Because, the fact is that as horrible as the recent aviation disasters have been, we cannot forget that such accidents represent a tiny fraction of transportation fatalities every year. In 1995, more than 44,000 persons were killed in transportation accidents, over 90 percent of them on the highway. That is equivalent to a ValuJet crash happening every day of the year, or 3 TWA flight 800s going down every week. And with new highway construction not keeping pace with traffic growth, our existing roads and bridges will have to accommodate 8 million more vehicles by the year 2000.
While the number of highway fatalities had declined substantially from its peak in the 1970s, it has now increased for three years in a row, and, for the first time in a decade, alcohol-related fatalities have increased. The U.S. Department of Transportation has estimated that if the fatality rate remains unchanged and traffic grows at a conservative 2.2 percent a year, by 2005 we will see 10,000 more Americans die on our highways every year.
This region of the country has a particular interest in improving highway safety. Of the 16 States represented here, only two -- Maryland and Virginia -- had fewer deaths on the highways per 100,000 people in 1994 than the national average. The others exceeded the national average anywhere from 6 to 87 percent.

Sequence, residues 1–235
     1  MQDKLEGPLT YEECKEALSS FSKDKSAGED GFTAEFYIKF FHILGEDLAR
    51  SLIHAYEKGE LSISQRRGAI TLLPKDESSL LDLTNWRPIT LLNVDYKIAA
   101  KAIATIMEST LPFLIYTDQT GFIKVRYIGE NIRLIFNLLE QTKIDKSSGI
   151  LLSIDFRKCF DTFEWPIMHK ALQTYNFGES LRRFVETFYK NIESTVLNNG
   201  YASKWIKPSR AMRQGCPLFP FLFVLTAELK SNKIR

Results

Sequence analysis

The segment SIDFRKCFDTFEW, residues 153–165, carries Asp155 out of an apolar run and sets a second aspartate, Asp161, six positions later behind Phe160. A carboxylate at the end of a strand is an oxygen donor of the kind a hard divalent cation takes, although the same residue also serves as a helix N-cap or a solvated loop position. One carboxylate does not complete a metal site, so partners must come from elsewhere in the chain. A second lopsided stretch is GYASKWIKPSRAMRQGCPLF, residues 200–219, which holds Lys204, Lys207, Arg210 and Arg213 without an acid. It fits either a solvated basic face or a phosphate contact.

Nearly 19,000 people a year die on southern roads. Traffic crashes cost the nation over $150 billion a year, with almost half of these costs in your States, and about a fourth of that amount borne by public revenue. This costs each household in the U.S. $144 a year in added taxes. So, not only will your actions save lives and prevent injuries, but you will lessen the tax burden on those who elected you.
Now, let me briefly touch on some items that you should consider:
One of the most important highway safety actions that you could consider next year is to permit primary enforcement of your state's mandatory safety belt use law. We support this so strongly that we added the issue to our Most Wanted list of safety improvements.